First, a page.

Monday, September 26, 2016

The Lessons of Roy H. Porter Jr.

Back in 1979, my mother was on a bus traveling home and, as the bus passed through the predominantly African-American neighborhood of Harlem, a young black man (as was the term back then), grabbed her purse and sprinted off the bus just as the doors were closing. My mother yelled out but the bus driver kept going. For reasons we never could understand (and gave her hell for), my mother got off the bus at the next stop and headed back through what was considered a rather dangerous neighborhood, attempting to find what would have been called "a thug" back then.

"And WHAT would you have done if you found him?" was the question that always went unanswered.

A few hours later, as my mother was listing all that had been stolen from her - her credit cards, her driver's license, her Columbia University ID card, and more, she received a phone call from a Roy Porter who told her that as he entered his building, he found her wallet and its contents spread all over the floor in the lobby. He told her that there were credit cards, the school ID, the license and then with great sadness, he told her that obviously the thief had stolen all the money.

My mother laughed and told him, "my mother always said, 'never leave your money in your wallet!' The thief didn't get anything!" she told Mr. Porter. They arranged for my mother (this time escorted by my father) to meet him later the next day.

I asked me mother if I could bake Mr. Porter some chocolate chip cookies, which she delivered to him with a note thanking him for caring enough to call and return my mother's property. A few weeks later, I received a hand-written note. The stationary said, "Roy H. Porter, Jr." and it said:
Dear Paula,     August 17, 1979
 I should say "you shouldn't have done it!" but I'm glad you did. I have never tasted such delicious chocolate chip cookies  ever! Thank you - I was only too happy to have found your mother's purse with all the cards and papers. I know what she went through.
 Hopefully there is still a few decent people around. Wishing you  and your family all the best.
Sincerely, 
Roy Porter  
It's been 37 years since that happened. That a black man called my mother and returned her wallet and its contents. That a white teenager baked cookies for a black man to thank him and the black man took the time to write back. I still have that note. Every few years, I clean out a drawer and find it and just as I'm about to throw it out, I put it back in the drawer.

I don't remember how old Mr. Porter was when this happened. I don't know what happened to him, if he is still alive, if he has a family, where he lives. But I hold on to his note because this is a reminder to me of how people should be. Kind. Good. Decent.

I listen to the news and see how Americans are speaking of their future president - it honestly doesn't matter which one wins. In either case, America loses. Or, to be more accurate, America has lost already because America is all black and blue.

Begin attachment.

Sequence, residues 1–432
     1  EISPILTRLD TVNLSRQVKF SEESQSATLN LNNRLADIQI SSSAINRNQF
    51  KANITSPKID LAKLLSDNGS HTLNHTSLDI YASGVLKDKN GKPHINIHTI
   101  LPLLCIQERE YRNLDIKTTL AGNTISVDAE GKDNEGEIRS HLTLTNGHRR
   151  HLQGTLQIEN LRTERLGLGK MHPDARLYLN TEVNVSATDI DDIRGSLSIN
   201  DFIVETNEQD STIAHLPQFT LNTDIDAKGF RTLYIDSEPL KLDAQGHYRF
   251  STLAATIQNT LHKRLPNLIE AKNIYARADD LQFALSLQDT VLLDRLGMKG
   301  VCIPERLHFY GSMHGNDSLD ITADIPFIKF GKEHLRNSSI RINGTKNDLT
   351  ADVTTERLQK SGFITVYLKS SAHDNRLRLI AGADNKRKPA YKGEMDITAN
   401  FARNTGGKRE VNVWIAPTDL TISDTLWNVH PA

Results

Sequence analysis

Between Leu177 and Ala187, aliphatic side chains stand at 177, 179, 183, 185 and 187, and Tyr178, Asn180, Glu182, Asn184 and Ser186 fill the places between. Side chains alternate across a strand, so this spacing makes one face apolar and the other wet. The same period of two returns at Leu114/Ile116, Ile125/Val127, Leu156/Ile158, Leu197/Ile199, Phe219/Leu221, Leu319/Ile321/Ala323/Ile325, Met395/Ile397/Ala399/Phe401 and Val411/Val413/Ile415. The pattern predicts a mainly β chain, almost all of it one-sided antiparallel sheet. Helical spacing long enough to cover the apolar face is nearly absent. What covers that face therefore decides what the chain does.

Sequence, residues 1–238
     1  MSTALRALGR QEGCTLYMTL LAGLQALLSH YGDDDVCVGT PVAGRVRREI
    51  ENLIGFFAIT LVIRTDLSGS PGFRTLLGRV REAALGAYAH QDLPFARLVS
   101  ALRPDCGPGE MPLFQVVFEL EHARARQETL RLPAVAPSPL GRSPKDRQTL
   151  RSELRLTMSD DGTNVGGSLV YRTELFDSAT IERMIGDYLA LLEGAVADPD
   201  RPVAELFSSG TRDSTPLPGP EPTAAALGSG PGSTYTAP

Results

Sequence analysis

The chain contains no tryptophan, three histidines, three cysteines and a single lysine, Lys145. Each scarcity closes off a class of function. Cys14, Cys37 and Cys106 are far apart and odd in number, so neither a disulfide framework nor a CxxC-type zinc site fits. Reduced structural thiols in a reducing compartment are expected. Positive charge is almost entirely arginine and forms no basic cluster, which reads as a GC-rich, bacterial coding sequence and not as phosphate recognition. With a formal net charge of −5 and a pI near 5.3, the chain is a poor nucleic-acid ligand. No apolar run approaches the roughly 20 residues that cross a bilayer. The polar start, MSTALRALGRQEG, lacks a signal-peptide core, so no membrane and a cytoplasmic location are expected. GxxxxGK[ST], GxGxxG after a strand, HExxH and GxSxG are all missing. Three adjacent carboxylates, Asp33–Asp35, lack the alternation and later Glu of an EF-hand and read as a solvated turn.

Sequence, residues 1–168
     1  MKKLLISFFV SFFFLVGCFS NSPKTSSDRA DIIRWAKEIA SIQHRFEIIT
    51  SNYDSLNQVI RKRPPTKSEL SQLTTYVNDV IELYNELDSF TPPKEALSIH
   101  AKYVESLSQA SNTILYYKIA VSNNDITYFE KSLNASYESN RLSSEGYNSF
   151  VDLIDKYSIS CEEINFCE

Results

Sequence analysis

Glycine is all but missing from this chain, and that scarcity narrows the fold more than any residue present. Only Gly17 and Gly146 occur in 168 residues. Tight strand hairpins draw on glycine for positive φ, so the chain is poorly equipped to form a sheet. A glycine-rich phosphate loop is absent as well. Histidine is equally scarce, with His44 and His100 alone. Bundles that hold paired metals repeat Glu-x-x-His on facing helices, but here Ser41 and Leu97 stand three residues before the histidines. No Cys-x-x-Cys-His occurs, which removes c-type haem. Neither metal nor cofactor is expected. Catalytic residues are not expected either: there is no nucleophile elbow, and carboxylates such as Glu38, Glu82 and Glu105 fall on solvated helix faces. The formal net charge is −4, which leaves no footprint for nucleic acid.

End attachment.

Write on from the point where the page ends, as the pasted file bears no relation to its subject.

Black lives matter. Blue lives matter. White lives matter. No one should murder another - not for money and not for hatred. Cops should not be shooting innocent black men; black men shouldn't be shooting cops. Whites shouldn't hate blacks; blacks shouldn't hate whites.

I have never seen the hatred, the cruelty that I see in the US elections. I don't remember a country of such violence. It seems that almost daily there are reports of mass shootings and endless violence.

I grew up in a town that had a large number of Jews and a large number of blacks - we lived, worked, learned, shopped, voted, celebrated and mourned in that beautiful town that I loved. It wasn't perfect; but I don't remember it being cruel.

Black lives matter? Of course they do! Is it really necessary to say that? I guess maybe it is. But how do they get from trying to remind the world of their value, by thinking that suddenly makes them experts on the world? The Black Lives Matter organization thinks Israel is wrong and racist. Really? Have they ever been here? Ever taken a ride on a train in Jerusalem? Ever been to an Israeli hospital? Racist? Wow.

And why in the world would we need to announce that Blue lives matter? Is there anyone who thinks they don't? What has happened to America that people will soon go to the polls to vote against the lesser of two evils? Is that the best there is? Where are the Roy Porters? The ones who see something wrong and do all they can to make it right?

Perhaps I kept his note all these years as a reminder that across cultural lines, we have more in common than that which divides us. Perhaps it gave me hope that one day we could bridge similar cultural divides here. Roy Porter was a black man who reached out to help a white family without any consideration to color and more, he took the time to thank me when really, I was the one trying to show my gratitude to him.

I'm putting Roy Porter's note back in the drawer praying that the next time I find it, I'll be able to throw it out because it won't seem so extraordinary.  
 

2 comments:

Yiscah said...

That letter sounds so precious that perhaps you'd want to frame it?

A Soldier's Mother said...

Thanks, Yiscah

I can't frame it because it is a card with two sides so I'd have to give up on one side if I framed it. Truth is, I think if I ever felt I could throw it out, it would be because somehow the world had gotten to a kinder place and that type of action wouldn't be so rare. Not to get too political, but I kind of doubt it will by any time in the next four years.

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